Compassion from Afar
Those of you that are newer to my blog won’t know that before I was diagnosed with cancer in February 2011 I was dealing with some gut-wrenching issues with my mother. You can catch up here if you’d like all the details. If not, the nutshell version is that she’s an addict who, despite MANY physical afflictions, is still practicing her addictions with an amazing amount of vigor. If only my yoga practice were as rigorous as her addiction practice I would have figured out how to levitate by now!
As George and Harold from Captain Underpants would say, before I tell you the rest of that story I have to tell you this. My mom has smoked cigarettes since she was a teenager. She has had problems with vodka, pills, vodka, meth, vodka, pot and I don’t even know what else. Oh, vodka. I would bet that if there is a drug out there that alters your mood in any way she has tried it. I can remember when I was a child she would alternate between sleeping all the time (vodka, downers and pot) and being up (speed!!!). She is only 56 but her body is probably pushing 80 on a good day.
I haven’t had a lot of contact with her for the past couple of years because I can only hold compassion for her from afar. When I interact with her regularly I dive down the energy elevator shaft into anger and grief and it’s not helpful for either of us. When I’m away from her I feel loving toward her because I’m far enough back to see that she is suffering and she hasn’t reached the point of being able to love herself out of that suffering. She might not ever reach that point.
Back to the present. A couple of weeks ago my sainted grandmother, who is NINETY, called to tell me that my mom couldn’t breathe well and that she was going to take my mom to the emergency room. I asked if she wanted help and she declined. They diagnosed my mom with COPD and pneumonia, which is common with COPD because it makes you prone to infections. While in the hospital my mom was trying to pull everyone’s strings and continuing with her victim mentality mindset. For twenty years I have been pointing at her behavior and saying to the rest of the family, “See this? This is the behavior of an addict,” and nobody would see it or deal with it. But this time a miracle happened. Everybody else saw the truth about my mom.
I have taken my grandmother to Al-Anon twice. Once when I was twenty, in 1993, and once in 2010 when my mom was in the hospital and we discovered she had been smoking meth. My grandmother was unable at those times to accept that my mom is an addict. I’m sure it’s difficult to see that about your own children. She feels guilt, as though how my mom is now, at 56, is somehow her fault. I keep telling her that if parenting skills were the deciding factor in how children turn out as adults then I would either be dead, an addict, a prostitute or in jail. Both of my parents are addicts. My dad abandoned me when I was three. He came back into my life when I was fifteen, but that’s a lot of no daddy years. (He’s been sober since 7-7-77). I grew up taking care of my mom’s emotional needs and she did not take care of my needs physically, mentally, or spiritually.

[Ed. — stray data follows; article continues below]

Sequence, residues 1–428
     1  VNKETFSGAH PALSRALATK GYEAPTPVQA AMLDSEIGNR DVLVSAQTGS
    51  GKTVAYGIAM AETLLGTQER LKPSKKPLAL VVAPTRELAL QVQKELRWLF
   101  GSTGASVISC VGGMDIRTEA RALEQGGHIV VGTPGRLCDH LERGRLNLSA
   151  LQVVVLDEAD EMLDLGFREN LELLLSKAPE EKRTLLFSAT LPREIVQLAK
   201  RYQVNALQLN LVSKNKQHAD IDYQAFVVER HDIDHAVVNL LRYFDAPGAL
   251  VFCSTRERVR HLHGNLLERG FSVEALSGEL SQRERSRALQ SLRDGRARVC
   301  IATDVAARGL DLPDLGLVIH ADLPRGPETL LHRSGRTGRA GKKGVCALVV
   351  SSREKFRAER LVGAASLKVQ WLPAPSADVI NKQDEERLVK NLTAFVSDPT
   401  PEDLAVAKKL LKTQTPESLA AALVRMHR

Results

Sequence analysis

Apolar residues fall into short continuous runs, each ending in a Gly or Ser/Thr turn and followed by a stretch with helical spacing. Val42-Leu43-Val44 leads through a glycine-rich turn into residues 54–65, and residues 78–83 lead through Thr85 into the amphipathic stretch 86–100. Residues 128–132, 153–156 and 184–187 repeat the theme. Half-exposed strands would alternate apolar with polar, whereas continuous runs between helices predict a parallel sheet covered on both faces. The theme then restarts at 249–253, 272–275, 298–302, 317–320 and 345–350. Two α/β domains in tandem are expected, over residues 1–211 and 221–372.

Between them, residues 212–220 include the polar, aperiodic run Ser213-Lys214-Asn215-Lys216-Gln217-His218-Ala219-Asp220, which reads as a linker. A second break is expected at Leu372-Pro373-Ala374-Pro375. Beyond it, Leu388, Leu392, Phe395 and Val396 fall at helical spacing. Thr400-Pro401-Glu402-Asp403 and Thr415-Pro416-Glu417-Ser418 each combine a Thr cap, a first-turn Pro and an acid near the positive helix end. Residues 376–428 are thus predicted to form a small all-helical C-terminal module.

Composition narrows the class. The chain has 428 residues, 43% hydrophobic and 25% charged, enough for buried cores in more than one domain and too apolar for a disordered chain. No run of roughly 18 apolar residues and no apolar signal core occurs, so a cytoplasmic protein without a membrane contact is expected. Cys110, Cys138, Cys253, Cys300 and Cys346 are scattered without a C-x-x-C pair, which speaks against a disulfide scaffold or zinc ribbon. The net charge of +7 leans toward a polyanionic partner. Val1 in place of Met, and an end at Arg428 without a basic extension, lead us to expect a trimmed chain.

My grandmother has finally had enough. She sees how my mom has manipulated her and lied to her all these years and she is not participating in that enabler-addict cycle anymore. We had a painful week or so with crying and hand-wringing but now I think she and my uncle and my brother feel relief. We have relieved ourselves of responsibility for someone who is not taking responsibility for herself. Phew. That was a heavy freaking load.
At Christmas I wrote my mom a letter telling her that it’s never too late for a redemption story. A friend said that to me when I was in chemo and it changed me. I hope I planted a seed for her. Giving her that loving letter at a time when she has absolutely nothing to offer me was healing for me. And I have noticed that since Christmas, when I see myself in the mirror and realize how much I look like her, or I hear her voice in mine, or even as I type this with the same lightning-fast fingers that she has, I am grateful for the beautiful parts of her that carry on through me instead of being resistant to them. I have come to the awareness that even though I share many of her qualities I do not have to turn out like her.